The Department for Digital, Culture, Media and Sport said the company is going to produce a Digital Markets Unit (DMU) to enforce “a new code to govern the behaviour of platforms that currently dominate the market, such as Google and Facebook.”
The Secretary of State for Business, Alok Sharma, said: “Digital platforms like Google and Facebook make a significant contribution to our economy and play a massive role in our day-to-day lives – whether it’s helping us stay in touch with our loved ones, share creative content or access the latest news.”
“But the dominance of just a few big tech companies is leading to less innovation, higher advertising prices and less choice and control for consumers. Our new, pro-competition regime for digital markets will ensure consumers have choice, and mean smaller firms aren’t pushed out.”
The code is created to assure that consumers, small businesses, and news publishers aren’t disadvantaged by actions taken by Google and Facebook, the government noted.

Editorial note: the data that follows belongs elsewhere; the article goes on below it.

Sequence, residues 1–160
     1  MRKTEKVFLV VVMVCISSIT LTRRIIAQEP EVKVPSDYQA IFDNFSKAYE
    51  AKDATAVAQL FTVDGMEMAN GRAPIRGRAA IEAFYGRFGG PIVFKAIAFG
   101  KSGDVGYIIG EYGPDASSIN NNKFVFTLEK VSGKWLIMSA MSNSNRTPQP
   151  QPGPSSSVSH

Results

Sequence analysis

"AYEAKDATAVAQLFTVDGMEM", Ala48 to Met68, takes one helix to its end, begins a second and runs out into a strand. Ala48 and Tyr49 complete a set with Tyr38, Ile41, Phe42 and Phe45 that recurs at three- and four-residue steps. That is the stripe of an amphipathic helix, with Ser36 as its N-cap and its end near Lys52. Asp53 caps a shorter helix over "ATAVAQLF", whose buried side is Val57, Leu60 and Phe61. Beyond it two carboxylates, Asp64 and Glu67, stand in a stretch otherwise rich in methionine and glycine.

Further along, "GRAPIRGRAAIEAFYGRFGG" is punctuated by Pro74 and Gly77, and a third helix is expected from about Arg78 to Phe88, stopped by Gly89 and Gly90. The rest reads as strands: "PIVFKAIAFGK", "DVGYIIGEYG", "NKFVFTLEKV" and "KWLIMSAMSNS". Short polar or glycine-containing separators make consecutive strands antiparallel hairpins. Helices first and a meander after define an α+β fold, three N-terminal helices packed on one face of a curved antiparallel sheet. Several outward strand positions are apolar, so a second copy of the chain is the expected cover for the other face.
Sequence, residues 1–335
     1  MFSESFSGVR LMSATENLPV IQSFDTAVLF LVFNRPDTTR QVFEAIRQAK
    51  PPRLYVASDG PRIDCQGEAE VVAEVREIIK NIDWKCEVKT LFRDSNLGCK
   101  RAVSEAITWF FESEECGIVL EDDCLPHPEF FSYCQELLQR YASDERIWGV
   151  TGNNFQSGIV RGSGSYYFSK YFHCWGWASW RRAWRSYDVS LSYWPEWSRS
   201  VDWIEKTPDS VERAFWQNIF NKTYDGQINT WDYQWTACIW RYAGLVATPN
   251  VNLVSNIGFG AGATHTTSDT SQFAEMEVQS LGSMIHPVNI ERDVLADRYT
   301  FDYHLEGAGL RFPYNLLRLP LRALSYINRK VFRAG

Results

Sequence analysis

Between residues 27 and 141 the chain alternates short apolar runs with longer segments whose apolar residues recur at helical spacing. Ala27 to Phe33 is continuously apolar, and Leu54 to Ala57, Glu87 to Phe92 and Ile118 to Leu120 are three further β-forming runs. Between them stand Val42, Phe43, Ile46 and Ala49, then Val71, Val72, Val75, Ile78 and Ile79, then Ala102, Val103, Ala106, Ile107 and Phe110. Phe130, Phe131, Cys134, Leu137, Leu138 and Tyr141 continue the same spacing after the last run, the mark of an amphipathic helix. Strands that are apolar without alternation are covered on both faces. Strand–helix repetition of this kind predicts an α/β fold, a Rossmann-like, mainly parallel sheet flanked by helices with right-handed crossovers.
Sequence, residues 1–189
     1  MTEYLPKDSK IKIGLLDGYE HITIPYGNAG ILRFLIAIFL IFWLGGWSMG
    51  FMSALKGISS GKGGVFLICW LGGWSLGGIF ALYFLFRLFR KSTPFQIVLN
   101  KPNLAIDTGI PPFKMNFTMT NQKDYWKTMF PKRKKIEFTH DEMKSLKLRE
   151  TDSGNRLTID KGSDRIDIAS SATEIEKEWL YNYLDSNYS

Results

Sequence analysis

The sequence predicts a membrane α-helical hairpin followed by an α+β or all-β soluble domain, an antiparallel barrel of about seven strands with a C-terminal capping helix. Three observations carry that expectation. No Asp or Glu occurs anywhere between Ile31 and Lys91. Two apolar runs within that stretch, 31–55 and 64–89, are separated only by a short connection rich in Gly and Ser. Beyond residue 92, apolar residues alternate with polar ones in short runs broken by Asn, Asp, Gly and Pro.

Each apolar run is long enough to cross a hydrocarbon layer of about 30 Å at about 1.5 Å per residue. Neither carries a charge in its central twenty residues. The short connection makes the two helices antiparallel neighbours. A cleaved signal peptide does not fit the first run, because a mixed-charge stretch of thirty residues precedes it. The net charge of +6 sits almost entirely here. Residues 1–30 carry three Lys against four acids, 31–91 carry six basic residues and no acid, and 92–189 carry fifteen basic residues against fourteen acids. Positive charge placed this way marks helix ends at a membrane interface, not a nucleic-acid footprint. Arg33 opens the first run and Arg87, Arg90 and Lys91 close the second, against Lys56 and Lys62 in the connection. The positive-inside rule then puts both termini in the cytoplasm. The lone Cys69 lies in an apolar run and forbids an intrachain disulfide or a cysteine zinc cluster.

The government’s plans come after the Competition and Markets Authority (CMA) earlier announced the start of an investigation seeking to analyze the digital advertising industry, but the approach was eventually broadened to also cover Google and Facebook’s operations.
The DMU will be part of the CMA and is expected to start its operations in April 2021.
“Only through a new pro-competition regulatory regime can we tackle the market power of tech giants like Facebook and Google and ensure that businesses and consumers are protected,” the chief executive of the CMA, Andrea Coscelli said on Friday as quoted by the Guardian.
“We will soon be providing advice to government on how this new regime should work, as requested earlier this year, and stand ready to support the setup of the Digital Markets Unit.”
Earlier in July, the CMA called on the UK government to provide the company more powers to set up the DMU due to concerns about how Google and Facebook use digital advertising and consumer data.